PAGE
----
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To determine the present value, we need to calculate the cash value of the two 7 million deposits. The discount rate is an 8% opportunity rate, and the present value of the 7 million deposit is:

Present Value= (Cash Flow at end of year 1/ (1+ interest)1 )+(Cash Flow at end of year 2/(1+interest)2 )

Value= (7/1.081) + (7/1.082)

Value of second alternative= 6.48 + 6.00= 12.48

The present value of the second option is $12.48 million, which is higher than the $12 million of the first option. The second alternative needs to be chosen over the first alternative since it provides a higher dollar value than the first alternative.

Part b

The use of a 12% discount rate will provide new present value for the second alterative as follows:

Present Value= (Cash Flow at end of year 1/ (1+ interest)1 )+(Cash Flow at end of year 2/(1+interest)2 )

Value= (7/1.121) + (7/1.122)

Value of second alternative= 6.25+ 5.58= 11.83

When the discount rate is 12%, the new present value of cash flows received under the second alternative becomes $ 11.83 million. When the interest rate changes to 12 %, the first alternative is preferable since it has a higher cash flow of $12 million.

Part C

This type of payment scenario is easily evidenced in hire purchase store. The cash value of goods are usually lower that the higher purchase price of the goods. The higher value is usually set to compensate for the opportunity interest rate over the extended time as well as other financial risks that could result from the late payment.

Problem 2

Part a

The expected net present value (ENPV) is provided by determining the expected present value and then subtracting the initial investment from the outcome (ENPV= EPV-Initial Investment). The expected values are obtained by summing up the probable outcomes of the cash flows. For instance in the year 1 expected cash flows will be computed as follow;

EV year 1= (0.2*50)+ (0.3*40) + (0.4*30) + (0.1*20)= 10 + 12 + 12 + 2= 36

After the expected values have been obtained, the values are discounted for each year. For instance the discounted value for year 1 will be $ 33.33 million (36/ (1,081). The present values are then summed up to provide the ENPV of the project as illustrated in the table below;

Year 0

Year 1

Year 2

Year 3

Total

Probability

Cash Flow($ mil.)

Probability

Cash Flow($mil.)

Probability

Cash Flow($ mil.)

($mil)

0.2

50

0.1

60

0.3

70

0.3

40

0.2

50

0.4

60

0.4

30

0.3

40

0.1

50

0.1

20

0.4

30

0.2

40

Expected Value

36

40

58

Discount Factor @ 8%

0.9259

0.8573

0.7938

Present value (Expected Value × Discount Factor)

33.33

34.29

46.04

113.66

Initial Investment$80 mil.

(80)

ENPV

33.66

The ENPV of Project A is $ 33.66 million given a discount factor of 8%. The NPV of $ 33.66 million is positive indicating that Project A is worth the investment.

The standard deviation will be obtained by computing the square root of the variances in each year and then summing them after they have been discounted.

Year 1

Probability

Cash Flow($ mil.)

Variance

( (cash flow-expected value(36) )2 × Probability)

0.2

50

(50-36)2 × (0.2)= 39.20

0.3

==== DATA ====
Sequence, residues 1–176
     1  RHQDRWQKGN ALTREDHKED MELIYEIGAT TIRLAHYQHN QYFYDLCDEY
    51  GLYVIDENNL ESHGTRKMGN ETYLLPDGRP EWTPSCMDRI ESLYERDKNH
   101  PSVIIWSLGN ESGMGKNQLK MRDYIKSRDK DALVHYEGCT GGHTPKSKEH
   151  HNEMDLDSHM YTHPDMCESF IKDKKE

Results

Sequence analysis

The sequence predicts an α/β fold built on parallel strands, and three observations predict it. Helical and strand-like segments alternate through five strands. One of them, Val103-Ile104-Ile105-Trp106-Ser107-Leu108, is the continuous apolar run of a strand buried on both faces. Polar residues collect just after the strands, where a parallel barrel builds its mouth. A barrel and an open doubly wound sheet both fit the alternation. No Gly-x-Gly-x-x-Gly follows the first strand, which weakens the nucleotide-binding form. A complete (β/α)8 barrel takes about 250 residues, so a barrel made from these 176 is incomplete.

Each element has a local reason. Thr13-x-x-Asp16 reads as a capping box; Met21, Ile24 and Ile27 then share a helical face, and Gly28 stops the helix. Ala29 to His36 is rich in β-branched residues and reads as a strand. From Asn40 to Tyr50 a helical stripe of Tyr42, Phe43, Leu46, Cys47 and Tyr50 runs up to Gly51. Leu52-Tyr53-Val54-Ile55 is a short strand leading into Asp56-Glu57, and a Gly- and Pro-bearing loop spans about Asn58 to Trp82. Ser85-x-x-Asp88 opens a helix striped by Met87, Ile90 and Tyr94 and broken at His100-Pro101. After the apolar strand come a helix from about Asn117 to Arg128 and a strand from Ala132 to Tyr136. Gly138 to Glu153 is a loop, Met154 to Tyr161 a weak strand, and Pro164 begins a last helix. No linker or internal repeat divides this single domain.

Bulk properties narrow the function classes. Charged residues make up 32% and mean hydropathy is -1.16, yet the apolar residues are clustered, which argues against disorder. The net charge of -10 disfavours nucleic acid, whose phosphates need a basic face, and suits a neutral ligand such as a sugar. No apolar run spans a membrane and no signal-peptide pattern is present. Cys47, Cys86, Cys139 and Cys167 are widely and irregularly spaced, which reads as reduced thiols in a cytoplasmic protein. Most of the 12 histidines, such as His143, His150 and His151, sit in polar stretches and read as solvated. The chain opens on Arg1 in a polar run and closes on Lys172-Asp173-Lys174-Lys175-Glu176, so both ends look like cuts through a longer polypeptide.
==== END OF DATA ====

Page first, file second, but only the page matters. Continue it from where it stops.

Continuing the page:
40

4.8

0.4

30

14.40

0.1

20

25.6

Total

84

Standard Deviation (√Variance)

9.17

Discount @ 8%

0.9259

Present Value of Standard Deviation

8.49

Year 2

Probability

Cash Flow($ mil.)

Variance

( (cash flow-expected value(40) )2 × Probability)

0.1

60

(60-40)2 × (0.1)= 40

0.2

50

20

0.3

40

0

0.4

30

40

Total

100

Standard Deviation (√variance)

10

Discount @ 8%

0.8573

Present Value of Standard Deviation

8.57

Year 3

Probability

Cash Flow($ mil.)

Variance

( (cash flow-expected value(58) )2 × Probability)

0.3

70

(70-58)2 × (0.3)= 43.2

0.4

60

1.6

0.1

50

6.4

0.2

40

64.8

Total

116

Standard Deviation (√variance)

10.77

Discount @ 8%

0.7938

Present Value of Standard Deviation

8.55

The standard deviation for project A is obtained by adding the standard deviation from year 1 to year 3 to obtain $ 25.61 (8.49 + 8.57 + 8.55)

Project A has an ENPV of $ 33.66 million and a standard deviation of $. 25.61. The decision rule in terms of ENPV is that the project needs to have a positive ENPV to be implemented. An ENPV of zero is indifferent while a project with a negative ENPV should be rejected (Kayshap, 2014). San Diego LLC needs to implement project A since it will provide net positive cash flows.

Part B

Project A is preferable since it has a higher of $.33.66 million compared to project B which has a lower ENPV of $. 32 million. The preference for project A is only based on the ENPV value ignoring risk and assuming similar discount rates were used in the ENPV computation.

Part C

The coefficient of variation and the standard deviation are measures that indicate the likelihood of the actual values deviating from the estimated values. Higher coefficients of variation and standard deviation indicates increased chances of the actual values differing from the estimates. In terms of risk, the higher the coefficient and the higher the deviation, the higher the risk of the investment.

When risk is incorporated, Project B should be selected over project A since it has a lower standard deviation hence lower risk. Project B only has a standard deviation of $ 10.5 million while project B has a larger standard deviation of $. 25.61 million. In an extreme loss scenario, Project A will only provide an ENPV of $8.05 million (33.66-25.61) compared to Project B’s $21.5 million (32-10.5).

Reference

Kashyap, A. (2014). Capital Allocating Decisions: Time Value of Money. Asian Journal of Management, 5(1), 106-110.

March 15, 2023

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